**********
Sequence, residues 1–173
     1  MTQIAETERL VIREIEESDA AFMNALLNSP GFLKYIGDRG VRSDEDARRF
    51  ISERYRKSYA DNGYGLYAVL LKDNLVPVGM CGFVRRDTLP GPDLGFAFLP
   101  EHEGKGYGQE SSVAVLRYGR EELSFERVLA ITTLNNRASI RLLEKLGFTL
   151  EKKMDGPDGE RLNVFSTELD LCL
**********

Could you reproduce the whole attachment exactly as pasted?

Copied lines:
Sequence, residues 1–173
     1  MTQIAETERL VIREIEESDA AFMNALLNSP GFLKYIGDRG VRSDEDARRF
    51  ISERYRKSYA DNGYGLYAVL LKDNLVPVGM CGFVRRDTLP GPDLGFAFLP
   101  EHEGKGYGQE SSVAVLRYGR EELSFERVLA ITTLNNRASI RLLEKLGFTL
   151  EKKMDGPDGE RLNVFSTELD LCL